*NEWS*UK’S ….INKJET-SETTERS !

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*NEWS*UK’S ….INKJET-SETTERS !

 user 2005-12-21 at 9:22:00 am Views: 74
  • #13453

    Inkjet-setters on Times list
    A CHORLEY company is going from strength-to-strength after being recognised as one of the fastest growing companies in the UK.
    Inkjet
    Direct (Europe) Ltd, which is based at the Matrix Park Industrial
    Estate at Buckshaw Village, has won a place in the ninth annual Sunday
    Times Virgin Atlantic Fast Track 100, which lists Britain’s 100 private
    companies with the fastest growing sales over a three year period.
    Inkjet
    Direct (Europe) Ltd sells consumables for printers, including inkjet
    and laser cartridges, paper, compact discs and dvds to end users,
    business, schools and some trade.
    It was ranked 29th on the list, with an annual sales growth of 101.81 per cent and sales in 2004 of £7.862 m.
    Chief
    executive, Dennis Haines, said: “My wife, Maureen, and my nephew, Glyn
    Williams, were the key people to get this whole thing started.”
    He added: “It’s a very big thing. Locally we have become a reasonable size employer. We have 85 staff, around 50 full-time.
    “We
    hope a lot of publicity through this will bring us more business and
    result in more local employment. We are expanding very rapidly.”
    The
    list was compiled by the Oxford-based research and events company Fast
    Track, which carried out research between August 1 and November 1, 2005.
    All companies were interviewed by telephone and 85, including Inkjet Direct, were visited by the research team.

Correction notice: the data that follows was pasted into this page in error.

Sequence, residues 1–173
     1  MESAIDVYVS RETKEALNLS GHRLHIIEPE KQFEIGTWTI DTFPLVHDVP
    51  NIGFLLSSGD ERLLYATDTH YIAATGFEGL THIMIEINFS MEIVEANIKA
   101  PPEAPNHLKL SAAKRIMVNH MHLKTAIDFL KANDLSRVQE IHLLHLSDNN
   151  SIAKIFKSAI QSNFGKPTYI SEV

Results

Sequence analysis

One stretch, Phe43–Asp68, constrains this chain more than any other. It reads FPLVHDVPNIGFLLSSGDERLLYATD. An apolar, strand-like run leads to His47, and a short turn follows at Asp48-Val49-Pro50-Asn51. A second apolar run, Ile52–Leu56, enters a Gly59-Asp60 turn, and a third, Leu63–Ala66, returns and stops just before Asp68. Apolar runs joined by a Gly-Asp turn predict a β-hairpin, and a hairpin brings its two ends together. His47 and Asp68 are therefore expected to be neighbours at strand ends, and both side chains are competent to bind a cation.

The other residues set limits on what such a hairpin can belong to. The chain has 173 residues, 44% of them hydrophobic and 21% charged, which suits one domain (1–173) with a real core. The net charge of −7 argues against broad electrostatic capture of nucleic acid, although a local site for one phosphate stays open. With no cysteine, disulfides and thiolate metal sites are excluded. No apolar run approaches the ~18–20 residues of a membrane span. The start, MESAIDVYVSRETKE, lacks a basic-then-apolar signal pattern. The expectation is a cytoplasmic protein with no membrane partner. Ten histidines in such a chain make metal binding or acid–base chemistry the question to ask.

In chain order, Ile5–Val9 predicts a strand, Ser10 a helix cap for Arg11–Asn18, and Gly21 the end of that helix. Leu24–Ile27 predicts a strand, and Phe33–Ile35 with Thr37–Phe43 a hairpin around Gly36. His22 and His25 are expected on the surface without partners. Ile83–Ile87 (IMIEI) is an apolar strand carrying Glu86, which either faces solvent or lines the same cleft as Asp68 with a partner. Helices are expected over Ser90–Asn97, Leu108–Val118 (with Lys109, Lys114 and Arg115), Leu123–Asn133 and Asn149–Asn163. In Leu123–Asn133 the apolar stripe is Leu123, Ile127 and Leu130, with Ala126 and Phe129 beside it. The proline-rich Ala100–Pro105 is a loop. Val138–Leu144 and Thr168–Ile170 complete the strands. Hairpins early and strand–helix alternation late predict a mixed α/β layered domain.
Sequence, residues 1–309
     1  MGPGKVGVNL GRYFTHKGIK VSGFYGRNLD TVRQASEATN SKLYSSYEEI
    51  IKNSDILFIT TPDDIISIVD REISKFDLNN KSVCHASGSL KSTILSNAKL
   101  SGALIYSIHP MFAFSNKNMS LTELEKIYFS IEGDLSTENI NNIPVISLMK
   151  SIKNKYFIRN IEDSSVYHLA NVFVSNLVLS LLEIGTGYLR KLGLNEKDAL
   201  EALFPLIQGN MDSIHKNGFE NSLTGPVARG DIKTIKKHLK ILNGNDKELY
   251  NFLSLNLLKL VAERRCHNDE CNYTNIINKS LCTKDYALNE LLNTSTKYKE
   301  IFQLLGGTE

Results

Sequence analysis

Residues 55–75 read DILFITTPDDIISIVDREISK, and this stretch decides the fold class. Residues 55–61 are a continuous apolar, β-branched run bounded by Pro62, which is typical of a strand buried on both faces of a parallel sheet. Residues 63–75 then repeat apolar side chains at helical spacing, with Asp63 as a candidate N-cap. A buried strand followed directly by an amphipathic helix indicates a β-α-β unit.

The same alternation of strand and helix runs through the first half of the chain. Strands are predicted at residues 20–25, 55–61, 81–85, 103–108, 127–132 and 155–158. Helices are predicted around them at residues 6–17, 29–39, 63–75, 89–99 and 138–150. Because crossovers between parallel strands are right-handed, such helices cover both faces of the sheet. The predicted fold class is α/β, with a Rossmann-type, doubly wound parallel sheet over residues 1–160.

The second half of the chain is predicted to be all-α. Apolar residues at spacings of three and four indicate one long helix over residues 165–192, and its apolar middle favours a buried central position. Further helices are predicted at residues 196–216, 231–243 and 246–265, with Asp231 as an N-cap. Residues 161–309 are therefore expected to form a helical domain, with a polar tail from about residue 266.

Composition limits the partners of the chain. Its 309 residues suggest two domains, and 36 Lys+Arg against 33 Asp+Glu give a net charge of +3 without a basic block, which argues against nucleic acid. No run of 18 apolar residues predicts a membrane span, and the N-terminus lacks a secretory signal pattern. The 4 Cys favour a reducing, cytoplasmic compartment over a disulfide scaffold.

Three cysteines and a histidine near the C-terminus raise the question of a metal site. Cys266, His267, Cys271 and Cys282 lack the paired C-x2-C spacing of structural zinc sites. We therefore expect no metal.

They were then ranked according to their annual growth in sales between 2001 and 2004.
    All
    of the companies had to be in profit and forecast an increase in sales
    from 2004 to 2005 as well as employ more than 10 staff in 2004. They
    also had to be UK registered, unquoted and ultimate holding companies,
    not subsidiaries.
    Mr Haines said: “The company was started back in
    1999 by my wife, daughter and nephew. I have got three daughters and
    the oldest one was a medical student at Manchester University so it was
    a way of making a bit of pin money for her.
    “I was living out in the
    Far East at the time so they ran the company for about 18 months and it
    was becoming quite successful so I moved back to the UK to try to help
    move it along a bit. In the early days we primarily sold at computer
    fairs so it was face to face sales.”
    His three daughters were all involved at some stage.
    The table excludes technology companies which are featured in a separate Tech Track 100 league table.